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Flawed economic reasoning and mythical economic fallacies, whose origins and repudiation can be traced back centuries—have nonetheless regained intellectual prominence in recent years. An eminent agriculture secretary declares that food stamps are a prodigious economic stimulus, the Center for American Progress postulates that minimum wage laws, wait for it, create jobs, and in a possibly clandestine attempt to shame the Nobel prize in economics—NY Times columnist Paul Kurgan posits that we need a pretend alien invasion to jump start the economy. When will this long national nightmare end?
This long train of economic abuses will charge ahead as President Obama plans to address the nation on a comprehensive “jobs” plan, which, based on previous speeches and various reports, will consist of new infrastructure spending, tax credits and direct assistance to state and local governments. The plan will reportedly cost the Chinese, excuse me the American taxpayers more than $300 billion.
To begin to unravel the newly minted fallacies inherent in Obama’s new plan, one may simply look at the $300 billion cost. Who pays this $300 billion? Ben Bernanke’s printing press? Fed pump priming invariably leads to some inflation and the new taxes necessary to pay for make-work schemes will destroy other jobs in other industries not saved or created by the president’s magic wand. Excessive government borrowing will only continue to crowd out productive investments by the private economy. At best, the public spending schemes divert jobs into politically self-serving and chosen industries.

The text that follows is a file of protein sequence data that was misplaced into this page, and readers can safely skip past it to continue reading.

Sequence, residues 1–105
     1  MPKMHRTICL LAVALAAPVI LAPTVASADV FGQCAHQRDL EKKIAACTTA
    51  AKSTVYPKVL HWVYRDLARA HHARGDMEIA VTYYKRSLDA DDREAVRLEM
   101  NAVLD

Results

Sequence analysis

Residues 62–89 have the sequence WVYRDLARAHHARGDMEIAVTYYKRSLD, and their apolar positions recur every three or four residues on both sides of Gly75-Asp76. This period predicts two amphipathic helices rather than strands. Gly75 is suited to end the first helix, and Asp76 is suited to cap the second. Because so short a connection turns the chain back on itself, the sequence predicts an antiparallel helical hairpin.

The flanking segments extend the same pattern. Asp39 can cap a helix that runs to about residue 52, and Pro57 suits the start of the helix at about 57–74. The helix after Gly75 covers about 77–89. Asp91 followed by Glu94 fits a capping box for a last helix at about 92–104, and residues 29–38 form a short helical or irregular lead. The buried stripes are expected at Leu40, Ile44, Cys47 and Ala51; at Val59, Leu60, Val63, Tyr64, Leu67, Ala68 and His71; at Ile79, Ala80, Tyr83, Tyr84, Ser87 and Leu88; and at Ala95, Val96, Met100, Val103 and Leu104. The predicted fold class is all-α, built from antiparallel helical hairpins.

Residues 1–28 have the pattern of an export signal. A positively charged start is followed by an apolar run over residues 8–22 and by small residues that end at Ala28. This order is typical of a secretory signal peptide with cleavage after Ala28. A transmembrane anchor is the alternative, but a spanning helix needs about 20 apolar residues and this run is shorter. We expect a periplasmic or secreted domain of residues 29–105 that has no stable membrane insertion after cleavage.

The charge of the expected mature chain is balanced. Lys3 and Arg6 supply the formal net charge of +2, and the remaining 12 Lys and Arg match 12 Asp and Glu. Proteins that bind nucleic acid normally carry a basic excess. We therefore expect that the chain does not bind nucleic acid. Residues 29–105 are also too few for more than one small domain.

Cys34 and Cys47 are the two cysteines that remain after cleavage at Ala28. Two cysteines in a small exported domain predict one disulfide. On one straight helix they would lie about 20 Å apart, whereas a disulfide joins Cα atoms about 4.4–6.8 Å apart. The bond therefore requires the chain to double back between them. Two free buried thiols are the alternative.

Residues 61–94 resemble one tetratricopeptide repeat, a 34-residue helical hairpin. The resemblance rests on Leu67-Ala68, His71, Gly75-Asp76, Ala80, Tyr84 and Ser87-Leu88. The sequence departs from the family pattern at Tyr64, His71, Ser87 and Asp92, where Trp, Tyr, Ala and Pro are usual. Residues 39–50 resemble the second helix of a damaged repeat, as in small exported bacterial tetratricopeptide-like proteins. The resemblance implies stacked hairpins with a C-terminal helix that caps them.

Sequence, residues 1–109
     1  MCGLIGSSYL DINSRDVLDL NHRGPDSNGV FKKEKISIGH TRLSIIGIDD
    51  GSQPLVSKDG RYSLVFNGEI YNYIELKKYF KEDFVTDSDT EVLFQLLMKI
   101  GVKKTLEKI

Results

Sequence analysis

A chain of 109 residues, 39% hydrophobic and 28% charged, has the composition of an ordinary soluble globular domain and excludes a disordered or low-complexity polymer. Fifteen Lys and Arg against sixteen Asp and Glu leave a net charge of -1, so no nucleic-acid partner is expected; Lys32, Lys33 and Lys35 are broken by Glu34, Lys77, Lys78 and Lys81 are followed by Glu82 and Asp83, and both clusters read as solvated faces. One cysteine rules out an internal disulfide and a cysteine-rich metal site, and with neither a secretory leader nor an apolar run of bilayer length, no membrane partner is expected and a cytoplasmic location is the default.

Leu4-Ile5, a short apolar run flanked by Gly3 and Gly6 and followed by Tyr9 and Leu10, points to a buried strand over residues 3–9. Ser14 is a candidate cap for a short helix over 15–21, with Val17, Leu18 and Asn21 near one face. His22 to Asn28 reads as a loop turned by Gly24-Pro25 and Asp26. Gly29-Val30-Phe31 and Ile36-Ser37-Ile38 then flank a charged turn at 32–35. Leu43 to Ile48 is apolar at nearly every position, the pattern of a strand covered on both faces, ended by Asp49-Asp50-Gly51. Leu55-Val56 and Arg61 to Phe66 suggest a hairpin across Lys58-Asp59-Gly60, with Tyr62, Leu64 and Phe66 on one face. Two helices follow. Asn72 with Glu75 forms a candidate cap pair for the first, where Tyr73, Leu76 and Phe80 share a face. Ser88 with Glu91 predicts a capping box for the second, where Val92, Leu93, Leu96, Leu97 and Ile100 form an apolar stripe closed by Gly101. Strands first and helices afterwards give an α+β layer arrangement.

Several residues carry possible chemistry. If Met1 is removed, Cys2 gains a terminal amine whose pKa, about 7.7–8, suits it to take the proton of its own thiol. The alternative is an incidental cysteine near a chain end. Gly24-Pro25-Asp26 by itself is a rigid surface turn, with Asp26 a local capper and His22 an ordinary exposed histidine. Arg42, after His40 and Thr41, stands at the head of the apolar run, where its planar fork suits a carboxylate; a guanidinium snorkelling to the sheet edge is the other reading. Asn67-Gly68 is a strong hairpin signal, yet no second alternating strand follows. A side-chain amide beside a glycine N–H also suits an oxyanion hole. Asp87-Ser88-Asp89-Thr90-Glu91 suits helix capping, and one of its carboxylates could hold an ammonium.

Appeals to infrastructure spending have long been a staple in the rhetorical arsenal of politicians. What could be better than a benevolent and ambitious politician serving the greater interests of the community than by building roads, bridges or schools? Unfortunately, politicians are lousy investors (see “green jobs”) and those promised shovel-ready jobs aren’t as “shovel-ready as they expected.” Conversely, the quickest way to unleash productive infrastructure projects would be to eliminate government regulations, such as the archaic Davis Bacon Act (1931) which artificially increases the cost of government-funded projects by mandating the prevailing union wage rate.
The president also proposes a new array of tax credits and dares Republicans to oppose him. Politically he may be correct, but these short term tax credits have been proved ineffective in spurring job creation because employers hire individuals for at least 5 to 10 year intervals, not based on a one year advantage. The original Obama “stimulus” package included tremendous infusions of federal funds to prop up state and local government budgets and jobs. It seems the president calls for more of the same transfers from the federal to state level, which is tantamount to Uncle Sam paying off his Visa card with his American Express. Surely this idea is meant to prevent the highly visible effects of state and local government job losses, but these jobs are inevitably unsustainable and are draining valued resources from the private sector.
The superior ability of free markets to generate wealth stems from the fact that it allows individuals to pursue their separate interests, while effectively using widely dispersed knowledge—through the impersonal forces and discipline of prices, profits and losses. The appeal of Keynesian economics is that it refutes many of these sound economic principles and allows for greater decision making on the part of politicians. Only when we stop practicing Keynesian witchcraft will we awake from this economic nightmare.